A second source of risk for organizations comes in the form of abandonment by consumers, many of whom are increasingly more likely to desert an organization that is not careful or ethical with their data, even if there is no explicit legal breach. This danger is exacerbated by the prevalence of social media: if your firm upsets people with its data processing, it can take mere seconds for that news to circulate globally. Such reputational damage is one of the less obvious risks, but gaining a reputation for lackadaisical data handling will severely undermine any brand.
It’s important that you don’t just promise your customers that you will care for their data. Prove it. Tell them how you will assure them as regards to the privacy and security of their data. Show them that you have more than a surface-level understanding of the privacy risks within your data and that you have looked deep within it to highlight hidden risks.
This brings us to the heart of the matter – privacy-enhancing technologies.
Privacy-enhancing technologies: the key to data processing
The term ‘privacy-enhancing technologies’, or PETs, refers to a wide range of approaches intended to ensure the correct handling of data in line with the privacy concerns and rights of the data subject.
Data de-identification provides a great example of how PETs are valuable. Most, if not all, sensitive data can ultimately be traced back to the source individual(s), and this is clearly a data protection risk. As such, many companies de-identify their data by removing direct identifiers such as name and address and think that this is sufficient, that the job is now done.
Only it isn’t.
There are many attributes within a data set that can identify an individual, either by themselves or combined with other data. Duplicate or related data can lurk in systems and the potential to combine values such as age, regional location and gender all present privacy risks. To address this, organizations need a solution that quantifies the potential risk of re-identification, so the ability to identify an individual is known and can inform how that risk can be either reduced or eliminated. This will then give companies the confidence they need to safely use the data to better serve their customers and unlock commercial value, all while safeguarding consumer privacy.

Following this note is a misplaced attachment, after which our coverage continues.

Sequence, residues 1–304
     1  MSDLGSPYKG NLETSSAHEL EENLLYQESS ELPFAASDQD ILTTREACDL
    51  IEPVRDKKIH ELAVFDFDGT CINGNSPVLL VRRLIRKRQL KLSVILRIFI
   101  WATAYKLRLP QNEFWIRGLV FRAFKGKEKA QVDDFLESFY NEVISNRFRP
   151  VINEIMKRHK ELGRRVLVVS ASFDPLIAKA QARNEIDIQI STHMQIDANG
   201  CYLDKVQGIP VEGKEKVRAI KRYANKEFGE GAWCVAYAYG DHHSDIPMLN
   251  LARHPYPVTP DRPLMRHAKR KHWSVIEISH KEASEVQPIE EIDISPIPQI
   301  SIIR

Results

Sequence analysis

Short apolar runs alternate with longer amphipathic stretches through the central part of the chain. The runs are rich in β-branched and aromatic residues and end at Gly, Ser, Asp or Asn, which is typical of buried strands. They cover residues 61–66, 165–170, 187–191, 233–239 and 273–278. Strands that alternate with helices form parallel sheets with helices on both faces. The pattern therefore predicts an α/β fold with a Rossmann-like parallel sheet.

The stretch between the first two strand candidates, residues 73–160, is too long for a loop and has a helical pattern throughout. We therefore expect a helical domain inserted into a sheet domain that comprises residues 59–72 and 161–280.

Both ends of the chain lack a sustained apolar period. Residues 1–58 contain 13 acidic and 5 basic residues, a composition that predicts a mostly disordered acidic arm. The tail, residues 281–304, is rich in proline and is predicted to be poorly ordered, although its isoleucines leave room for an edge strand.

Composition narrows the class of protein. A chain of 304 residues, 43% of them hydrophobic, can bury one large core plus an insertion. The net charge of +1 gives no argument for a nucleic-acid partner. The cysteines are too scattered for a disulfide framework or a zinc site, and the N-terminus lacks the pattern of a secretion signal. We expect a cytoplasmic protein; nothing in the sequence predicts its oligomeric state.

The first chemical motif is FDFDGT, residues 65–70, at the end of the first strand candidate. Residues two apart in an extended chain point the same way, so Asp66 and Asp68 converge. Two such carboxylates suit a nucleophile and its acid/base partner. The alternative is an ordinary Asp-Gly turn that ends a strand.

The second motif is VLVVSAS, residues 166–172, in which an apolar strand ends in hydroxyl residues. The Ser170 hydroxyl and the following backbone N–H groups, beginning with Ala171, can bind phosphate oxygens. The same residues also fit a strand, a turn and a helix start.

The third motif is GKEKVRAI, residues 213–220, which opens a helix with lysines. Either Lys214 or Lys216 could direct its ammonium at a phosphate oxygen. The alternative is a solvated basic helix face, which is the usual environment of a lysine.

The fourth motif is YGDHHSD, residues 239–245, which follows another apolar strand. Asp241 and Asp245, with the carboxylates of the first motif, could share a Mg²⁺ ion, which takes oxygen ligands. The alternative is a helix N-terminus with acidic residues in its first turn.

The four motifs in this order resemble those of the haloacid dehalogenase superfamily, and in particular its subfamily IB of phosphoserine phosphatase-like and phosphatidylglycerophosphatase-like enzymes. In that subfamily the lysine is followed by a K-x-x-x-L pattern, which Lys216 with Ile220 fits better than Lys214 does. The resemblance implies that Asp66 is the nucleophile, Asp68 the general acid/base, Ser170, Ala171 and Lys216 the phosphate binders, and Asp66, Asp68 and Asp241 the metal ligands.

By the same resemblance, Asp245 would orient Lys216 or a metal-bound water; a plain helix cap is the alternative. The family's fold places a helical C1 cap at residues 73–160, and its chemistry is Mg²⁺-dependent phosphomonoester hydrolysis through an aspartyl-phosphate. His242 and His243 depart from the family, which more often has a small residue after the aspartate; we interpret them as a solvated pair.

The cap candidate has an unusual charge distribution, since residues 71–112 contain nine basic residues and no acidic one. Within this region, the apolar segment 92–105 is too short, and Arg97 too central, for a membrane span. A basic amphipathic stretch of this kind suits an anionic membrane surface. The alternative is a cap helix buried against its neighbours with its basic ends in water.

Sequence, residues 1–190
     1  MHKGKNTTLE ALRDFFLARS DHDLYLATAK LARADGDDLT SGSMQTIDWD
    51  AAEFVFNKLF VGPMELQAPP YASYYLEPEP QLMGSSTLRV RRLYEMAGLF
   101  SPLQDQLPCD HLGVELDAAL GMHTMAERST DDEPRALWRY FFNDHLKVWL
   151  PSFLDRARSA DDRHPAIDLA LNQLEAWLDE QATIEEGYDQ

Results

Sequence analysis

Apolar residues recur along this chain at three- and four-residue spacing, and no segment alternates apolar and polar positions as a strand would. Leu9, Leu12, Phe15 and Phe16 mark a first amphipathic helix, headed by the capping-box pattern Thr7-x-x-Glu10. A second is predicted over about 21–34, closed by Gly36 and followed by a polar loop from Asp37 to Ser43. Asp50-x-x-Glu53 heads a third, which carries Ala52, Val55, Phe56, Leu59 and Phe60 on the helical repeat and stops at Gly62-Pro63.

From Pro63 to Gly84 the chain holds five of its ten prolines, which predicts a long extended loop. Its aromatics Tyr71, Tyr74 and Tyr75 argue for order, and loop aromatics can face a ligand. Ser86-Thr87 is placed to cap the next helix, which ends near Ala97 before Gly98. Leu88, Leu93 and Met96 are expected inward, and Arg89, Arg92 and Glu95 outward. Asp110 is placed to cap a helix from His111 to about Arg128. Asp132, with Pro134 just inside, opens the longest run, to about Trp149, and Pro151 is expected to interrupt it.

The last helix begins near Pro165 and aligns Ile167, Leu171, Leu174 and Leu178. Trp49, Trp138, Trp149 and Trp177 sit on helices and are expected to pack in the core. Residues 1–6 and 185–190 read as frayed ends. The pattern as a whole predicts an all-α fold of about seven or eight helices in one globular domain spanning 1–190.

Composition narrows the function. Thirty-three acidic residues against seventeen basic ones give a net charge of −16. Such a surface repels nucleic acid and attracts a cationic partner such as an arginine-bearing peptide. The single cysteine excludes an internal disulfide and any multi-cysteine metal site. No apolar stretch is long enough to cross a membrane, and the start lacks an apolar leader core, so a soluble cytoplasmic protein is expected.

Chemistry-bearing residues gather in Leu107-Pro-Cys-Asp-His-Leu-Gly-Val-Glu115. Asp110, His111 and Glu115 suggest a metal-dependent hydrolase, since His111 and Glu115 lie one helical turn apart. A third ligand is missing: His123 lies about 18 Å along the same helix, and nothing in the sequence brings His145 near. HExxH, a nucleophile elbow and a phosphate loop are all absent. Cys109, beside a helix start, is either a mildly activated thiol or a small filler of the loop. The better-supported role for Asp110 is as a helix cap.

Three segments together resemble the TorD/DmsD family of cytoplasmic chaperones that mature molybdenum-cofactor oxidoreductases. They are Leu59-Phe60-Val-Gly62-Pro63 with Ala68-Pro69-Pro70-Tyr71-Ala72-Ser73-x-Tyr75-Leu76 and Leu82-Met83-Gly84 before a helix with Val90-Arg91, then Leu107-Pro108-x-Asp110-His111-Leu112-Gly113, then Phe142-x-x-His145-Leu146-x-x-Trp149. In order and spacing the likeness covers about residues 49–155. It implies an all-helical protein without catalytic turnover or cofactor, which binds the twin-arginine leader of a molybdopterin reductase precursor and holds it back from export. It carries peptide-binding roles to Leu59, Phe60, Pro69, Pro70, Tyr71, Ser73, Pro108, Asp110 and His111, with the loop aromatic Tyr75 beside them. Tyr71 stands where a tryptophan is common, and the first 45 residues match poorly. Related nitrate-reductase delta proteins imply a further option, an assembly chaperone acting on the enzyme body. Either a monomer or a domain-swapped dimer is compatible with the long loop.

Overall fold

We all know the value in consumer data today, so why would a data owner take a broad-brush approach by either deciding not to interrogate a data set such that they remain uninformed as to the risks that may be present or by removing so much data from a data set that it is rendered useless for analytical purposes? Especially if they can identify and mitigate the risks with laser-like precision? Failure to take an informed view means it’s likely they could be removing safe, insightful data because of their overly-cautious approach. A radiologist wouldn’t recommend putting a patient in a full body cast to treat a broken arm – doing so would immobilise the patient for no need. In much the same way, organizations can’t afford to immobilise large, profit-generating data sets.
In summary, Covid-19 has accelerated the data age; it has swiftly increased awareness of privacy concerns in businesses and consumers alike. Proof of responsible data handling should now be at the top of every branding, IT, governance and operational strategy – but it must be backed up with demonstrable best practice and understanding of the issues involved. In other words, businesses can now view privacy-enhancing technologies like x-rays for their data, to highlight privacy risks that need to be addressed, and once risks are mitigated, to empower them to do more with their data.